Autoethnography – Why it’s a good thing

Let’s start with the definition that will probably be included in every blog post this week.

“Autoethnography is an approach to research and writing that seeks to describe and systematically analyze (graphy) personal experience (auto) in order to understand cultural experience (ethno)” (ELLIS, 2004; HOLMAN JONES, 2005).

In my own words, Autoethnography is the implementation of personal experiences and culture into the study and writing of things to help understand the researchers own personal context and the effects it will have on their interpretation of the material being studied.

I’m pretty sure I may have made it sound more complicated (haha) but this is the way that makes sense in my head. The phrasing of this is due to my personal history of extension history and research- which was all about using the information you’re given to present an argument based on your own ideas. Which I think is definitely similar to autoethnography.

After a quick flick through the Wikipedia page, it makes sense that if we want to study social aspects further, then we must look towards our own views and background to make sense of it, as well as to show new and improved concepts on past studies.

Somethings have already stood out to me as being autoethnographic-ish in this subject. Firstly, in week one with our study of Godzilla- I realised that due to my personal background, I had a deeper understanding of the Japanese culture and the importance of the signage and language format used throughout the film. I then used this in the blog post for that week to explain to other in the class, what it was in my personal context that allowed me to notice these details.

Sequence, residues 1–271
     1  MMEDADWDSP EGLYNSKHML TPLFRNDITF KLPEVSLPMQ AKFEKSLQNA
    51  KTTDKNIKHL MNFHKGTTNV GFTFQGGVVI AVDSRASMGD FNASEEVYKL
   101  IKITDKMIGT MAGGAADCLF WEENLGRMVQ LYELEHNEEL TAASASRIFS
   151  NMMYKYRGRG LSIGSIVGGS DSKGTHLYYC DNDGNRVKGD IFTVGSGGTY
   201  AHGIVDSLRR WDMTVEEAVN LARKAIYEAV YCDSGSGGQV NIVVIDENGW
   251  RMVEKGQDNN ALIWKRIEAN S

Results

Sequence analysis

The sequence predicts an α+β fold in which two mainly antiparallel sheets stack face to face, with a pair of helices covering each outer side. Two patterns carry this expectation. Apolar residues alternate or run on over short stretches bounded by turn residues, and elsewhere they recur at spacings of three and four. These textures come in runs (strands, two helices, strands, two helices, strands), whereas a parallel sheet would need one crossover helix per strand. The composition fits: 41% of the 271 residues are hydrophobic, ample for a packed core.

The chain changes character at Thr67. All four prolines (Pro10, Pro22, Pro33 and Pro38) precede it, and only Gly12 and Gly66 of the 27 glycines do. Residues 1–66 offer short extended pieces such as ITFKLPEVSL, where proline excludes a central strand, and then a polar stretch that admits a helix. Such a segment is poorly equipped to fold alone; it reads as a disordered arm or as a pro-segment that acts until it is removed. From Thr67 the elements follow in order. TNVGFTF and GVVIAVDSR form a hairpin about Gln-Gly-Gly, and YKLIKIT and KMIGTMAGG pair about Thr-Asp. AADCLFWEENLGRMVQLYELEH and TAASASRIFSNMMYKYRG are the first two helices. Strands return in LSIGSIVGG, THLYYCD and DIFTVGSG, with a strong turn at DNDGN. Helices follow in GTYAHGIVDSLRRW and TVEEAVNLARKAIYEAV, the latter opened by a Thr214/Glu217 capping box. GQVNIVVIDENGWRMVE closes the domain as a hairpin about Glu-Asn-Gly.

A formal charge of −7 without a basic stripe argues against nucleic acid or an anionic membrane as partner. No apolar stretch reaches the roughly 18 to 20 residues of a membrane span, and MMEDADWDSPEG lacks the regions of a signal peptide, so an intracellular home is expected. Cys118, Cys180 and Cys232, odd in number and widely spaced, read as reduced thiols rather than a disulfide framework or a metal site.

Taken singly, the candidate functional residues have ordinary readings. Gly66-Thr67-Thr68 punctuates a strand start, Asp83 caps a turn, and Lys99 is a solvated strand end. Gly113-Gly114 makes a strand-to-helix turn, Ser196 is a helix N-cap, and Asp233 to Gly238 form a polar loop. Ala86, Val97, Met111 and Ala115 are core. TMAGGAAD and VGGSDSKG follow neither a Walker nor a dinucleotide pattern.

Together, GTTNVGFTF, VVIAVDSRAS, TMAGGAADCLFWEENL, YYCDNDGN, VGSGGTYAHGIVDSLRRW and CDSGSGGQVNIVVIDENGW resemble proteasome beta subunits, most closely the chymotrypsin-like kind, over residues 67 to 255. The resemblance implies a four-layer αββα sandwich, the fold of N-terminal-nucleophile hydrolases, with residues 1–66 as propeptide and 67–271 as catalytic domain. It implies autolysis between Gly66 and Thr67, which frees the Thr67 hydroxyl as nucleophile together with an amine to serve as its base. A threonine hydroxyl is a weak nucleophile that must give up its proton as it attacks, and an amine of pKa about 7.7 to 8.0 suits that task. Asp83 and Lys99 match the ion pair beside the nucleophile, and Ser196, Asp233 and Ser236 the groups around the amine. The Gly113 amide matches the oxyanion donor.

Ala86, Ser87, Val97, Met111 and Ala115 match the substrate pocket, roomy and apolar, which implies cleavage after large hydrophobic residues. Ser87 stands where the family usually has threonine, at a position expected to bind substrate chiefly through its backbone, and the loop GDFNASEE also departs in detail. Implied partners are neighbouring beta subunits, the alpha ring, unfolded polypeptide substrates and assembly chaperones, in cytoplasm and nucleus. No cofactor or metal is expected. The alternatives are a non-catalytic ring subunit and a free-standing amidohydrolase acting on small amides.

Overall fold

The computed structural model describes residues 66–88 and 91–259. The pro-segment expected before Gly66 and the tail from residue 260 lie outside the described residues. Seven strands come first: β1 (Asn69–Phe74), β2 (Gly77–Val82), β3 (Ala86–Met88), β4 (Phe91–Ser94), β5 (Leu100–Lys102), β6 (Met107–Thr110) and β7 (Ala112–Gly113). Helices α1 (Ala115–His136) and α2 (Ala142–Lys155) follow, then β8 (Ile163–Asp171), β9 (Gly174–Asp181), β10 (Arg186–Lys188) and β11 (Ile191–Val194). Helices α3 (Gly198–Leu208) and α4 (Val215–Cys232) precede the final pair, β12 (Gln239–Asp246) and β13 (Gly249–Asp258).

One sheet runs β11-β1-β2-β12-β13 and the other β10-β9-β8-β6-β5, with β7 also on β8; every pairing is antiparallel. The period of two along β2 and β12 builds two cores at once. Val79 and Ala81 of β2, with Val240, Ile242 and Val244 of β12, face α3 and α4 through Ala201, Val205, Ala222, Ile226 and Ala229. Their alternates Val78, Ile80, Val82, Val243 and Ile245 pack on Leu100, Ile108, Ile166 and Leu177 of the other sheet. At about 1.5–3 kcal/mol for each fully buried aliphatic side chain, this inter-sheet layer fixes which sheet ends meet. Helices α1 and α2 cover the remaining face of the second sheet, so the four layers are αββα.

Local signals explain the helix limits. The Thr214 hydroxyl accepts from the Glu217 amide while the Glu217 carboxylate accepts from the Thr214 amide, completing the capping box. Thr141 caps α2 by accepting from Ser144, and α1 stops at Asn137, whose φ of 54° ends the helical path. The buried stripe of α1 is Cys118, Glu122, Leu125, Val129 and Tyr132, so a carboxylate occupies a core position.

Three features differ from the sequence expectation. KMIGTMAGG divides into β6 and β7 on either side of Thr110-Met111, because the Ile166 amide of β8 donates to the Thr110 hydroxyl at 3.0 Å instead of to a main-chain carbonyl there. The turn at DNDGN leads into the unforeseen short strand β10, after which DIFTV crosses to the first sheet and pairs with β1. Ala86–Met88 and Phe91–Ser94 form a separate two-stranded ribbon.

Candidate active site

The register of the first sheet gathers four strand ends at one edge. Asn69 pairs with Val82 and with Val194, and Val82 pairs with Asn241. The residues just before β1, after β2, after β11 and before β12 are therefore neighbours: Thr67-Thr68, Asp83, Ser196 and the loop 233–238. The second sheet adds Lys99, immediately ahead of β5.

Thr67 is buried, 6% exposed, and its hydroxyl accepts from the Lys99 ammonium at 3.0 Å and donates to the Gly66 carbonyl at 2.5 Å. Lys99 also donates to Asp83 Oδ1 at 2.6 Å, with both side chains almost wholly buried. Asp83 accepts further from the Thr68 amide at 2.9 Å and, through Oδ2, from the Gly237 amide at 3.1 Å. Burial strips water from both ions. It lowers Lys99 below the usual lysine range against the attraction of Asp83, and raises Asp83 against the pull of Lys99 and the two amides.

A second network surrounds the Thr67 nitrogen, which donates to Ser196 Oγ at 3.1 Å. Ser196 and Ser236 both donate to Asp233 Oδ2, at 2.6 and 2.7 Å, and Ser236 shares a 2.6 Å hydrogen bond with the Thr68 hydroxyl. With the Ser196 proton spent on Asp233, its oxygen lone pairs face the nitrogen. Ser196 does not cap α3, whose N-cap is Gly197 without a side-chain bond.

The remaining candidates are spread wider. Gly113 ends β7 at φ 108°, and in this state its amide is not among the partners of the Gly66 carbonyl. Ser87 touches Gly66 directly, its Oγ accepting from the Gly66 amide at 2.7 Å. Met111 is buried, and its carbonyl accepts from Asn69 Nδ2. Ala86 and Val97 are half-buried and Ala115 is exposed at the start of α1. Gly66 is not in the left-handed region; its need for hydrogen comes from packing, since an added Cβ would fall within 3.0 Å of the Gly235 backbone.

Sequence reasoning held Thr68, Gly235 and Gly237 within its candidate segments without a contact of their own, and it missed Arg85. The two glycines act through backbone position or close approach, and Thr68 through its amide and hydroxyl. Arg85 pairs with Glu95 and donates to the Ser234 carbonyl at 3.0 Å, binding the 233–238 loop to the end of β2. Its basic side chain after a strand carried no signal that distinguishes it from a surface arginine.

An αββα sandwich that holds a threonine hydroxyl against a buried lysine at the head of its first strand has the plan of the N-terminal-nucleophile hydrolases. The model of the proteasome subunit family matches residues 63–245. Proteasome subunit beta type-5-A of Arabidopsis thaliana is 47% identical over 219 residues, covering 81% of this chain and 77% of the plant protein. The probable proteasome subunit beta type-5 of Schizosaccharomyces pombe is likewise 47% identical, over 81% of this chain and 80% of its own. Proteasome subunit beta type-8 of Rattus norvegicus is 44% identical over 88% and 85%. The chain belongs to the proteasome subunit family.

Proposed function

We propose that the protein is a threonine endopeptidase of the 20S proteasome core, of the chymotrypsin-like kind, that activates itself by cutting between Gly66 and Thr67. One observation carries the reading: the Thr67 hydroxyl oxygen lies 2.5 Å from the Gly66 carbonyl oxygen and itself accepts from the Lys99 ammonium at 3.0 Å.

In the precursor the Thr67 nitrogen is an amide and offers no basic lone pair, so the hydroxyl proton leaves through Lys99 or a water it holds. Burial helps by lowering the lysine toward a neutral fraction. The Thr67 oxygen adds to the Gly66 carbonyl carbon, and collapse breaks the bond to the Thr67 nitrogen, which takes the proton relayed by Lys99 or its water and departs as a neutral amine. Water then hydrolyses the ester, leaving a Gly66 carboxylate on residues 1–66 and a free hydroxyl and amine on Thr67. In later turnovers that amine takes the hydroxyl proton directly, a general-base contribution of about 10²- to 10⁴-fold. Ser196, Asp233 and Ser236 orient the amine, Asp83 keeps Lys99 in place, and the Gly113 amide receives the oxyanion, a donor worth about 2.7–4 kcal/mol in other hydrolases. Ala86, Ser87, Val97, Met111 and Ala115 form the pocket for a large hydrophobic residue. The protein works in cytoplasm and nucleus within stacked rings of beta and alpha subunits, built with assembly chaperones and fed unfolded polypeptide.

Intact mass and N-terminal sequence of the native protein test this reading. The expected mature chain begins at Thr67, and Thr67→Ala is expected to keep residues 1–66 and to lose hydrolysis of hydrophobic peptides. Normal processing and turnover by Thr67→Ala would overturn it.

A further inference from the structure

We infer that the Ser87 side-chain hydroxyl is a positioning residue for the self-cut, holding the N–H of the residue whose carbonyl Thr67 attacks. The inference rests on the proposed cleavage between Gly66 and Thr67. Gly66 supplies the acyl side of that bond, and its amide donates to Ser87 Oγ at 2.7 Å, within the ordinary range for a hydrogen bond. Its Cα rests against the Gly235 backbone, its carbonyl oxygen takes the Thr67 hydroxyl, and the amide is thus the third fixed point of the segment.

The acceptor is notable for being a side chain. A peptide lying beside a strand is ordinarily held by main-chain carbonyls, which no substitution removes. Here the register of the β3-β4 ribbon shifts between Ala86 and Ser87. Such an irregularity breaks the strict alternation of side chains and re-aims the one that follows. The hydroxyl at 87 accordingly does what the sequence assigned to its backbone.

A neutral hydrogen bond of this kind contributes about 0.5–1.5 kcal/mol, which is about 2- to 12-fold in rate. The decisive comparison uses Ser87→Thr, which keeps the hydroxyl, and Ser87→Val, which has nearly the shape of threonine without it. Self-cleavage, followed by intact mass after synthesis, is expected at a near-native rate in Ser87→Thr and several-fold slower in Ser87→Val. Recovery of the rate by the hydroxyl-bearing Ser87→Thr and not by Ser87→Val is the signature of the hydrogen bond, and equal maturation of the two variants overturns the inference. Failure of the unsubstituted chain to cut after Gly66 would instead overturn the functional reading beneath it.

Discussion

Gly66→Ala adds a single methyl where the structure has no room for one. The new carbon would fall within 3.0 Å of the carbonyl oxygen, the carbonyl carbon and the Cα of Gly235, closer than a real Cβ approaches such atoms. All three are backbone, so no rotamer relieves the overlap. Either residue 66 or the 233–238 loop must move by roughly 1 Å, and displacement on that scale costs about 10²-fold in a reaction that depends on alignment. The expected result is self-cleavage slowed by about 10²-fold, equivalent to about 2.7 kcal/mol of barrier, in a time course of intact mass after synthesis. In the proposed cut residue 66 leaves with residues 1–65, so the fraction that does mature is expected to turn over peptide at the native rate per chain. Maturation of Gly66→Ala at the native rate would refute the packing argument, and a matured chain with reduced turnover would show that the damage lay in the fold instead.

I think this is beneficial when it comes to research and the future of studying topics across cultures. It enables a better understanding of the culture being studied and also of how your own personal context can influence how you see things and interpret what you’re seeing. While more traditional research practices ask you to remain impartial and not choose sides- this is impossible and often leads you to read research papers without knowing fully the context of the writer of the work.

When it comes to the interpretation of film and media consumption- it’s beneficial and important to know the biographical details of both those who created the work and also those who are researching and passing on their opinion.

I hope this made sense, and I didn’t end up rambling too much!

autoethnography

Sources:

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One comment

  1. I too did extension history and so I really liked how you examined autoethnography in the greater context of research generally. It is an interesting comparison thinking about the cornerstone of research practices that we are used to, namely impartiality however autoethnography in a way asks for impartiality in a different way. I found the graph especially useful also. I find it difficult to grasp the actuality of autoethnography but I find this helps.

    Like

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